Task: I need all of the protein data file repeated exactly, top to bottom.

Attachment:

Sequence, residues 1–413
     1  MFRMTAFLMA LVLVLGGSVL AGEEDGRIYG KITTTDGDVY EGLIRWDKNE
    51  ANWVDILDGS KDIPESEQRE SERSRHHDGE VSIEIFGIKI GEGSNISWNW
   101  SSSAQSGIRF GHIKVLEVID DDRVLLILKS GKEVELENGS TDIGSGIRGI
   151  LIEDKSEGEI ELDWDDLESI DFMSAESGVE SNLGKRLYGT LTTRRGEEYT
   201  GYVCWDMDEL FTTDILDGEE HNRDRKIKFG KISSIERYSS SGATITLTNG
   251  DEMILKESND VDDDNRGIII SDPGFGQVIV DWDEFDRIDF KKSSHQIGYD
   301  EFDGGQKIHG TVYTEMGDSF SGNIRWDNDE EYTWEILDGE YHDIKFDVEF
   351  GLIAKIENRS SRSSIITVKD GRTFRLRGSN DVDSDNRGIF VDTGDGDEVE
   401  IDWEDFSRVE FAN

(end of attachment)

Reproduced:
Sequence, residues 1–413
     1  MFRMTAFLMA LVLVLGGSVL AGEEDGRIYG KITTTDGDVY EGLIRWDKNE
    51  ANWVDILDGS KDIPESEQRE SERSRHHDGE VSIEIFGIKI GEGSNISWNW
   101  SSSAQSGIRF GHIKVLEVID DDRVLLILKS GKEVELENGS TDIGSGIRGI
   151  LIEDKSEGEI ELDWDDLESI DFMSAESGVE SNLGKRLYGT LTTRRGEEYT
   201  GYVCWDMDEL FTTDILDGEE HNRDRKIKFG KISSIERYSS SGATITLTNG
   251  DEMILKESND VDDDNRGIII SDPGFGQVIV DWDEFDRIDF KKSSHQIGYD
   301  EFDGGQKIHG TVYTEMGDSF SGNIRWDNDE EYTWEILDGE YHDIKFDVEF
   351  GLIAKIENRS SRSSIITVKD GRTFRLRGSN DVDSDNRGIF VDTGDGDEVE
   401  IDWEDFSRVE FAN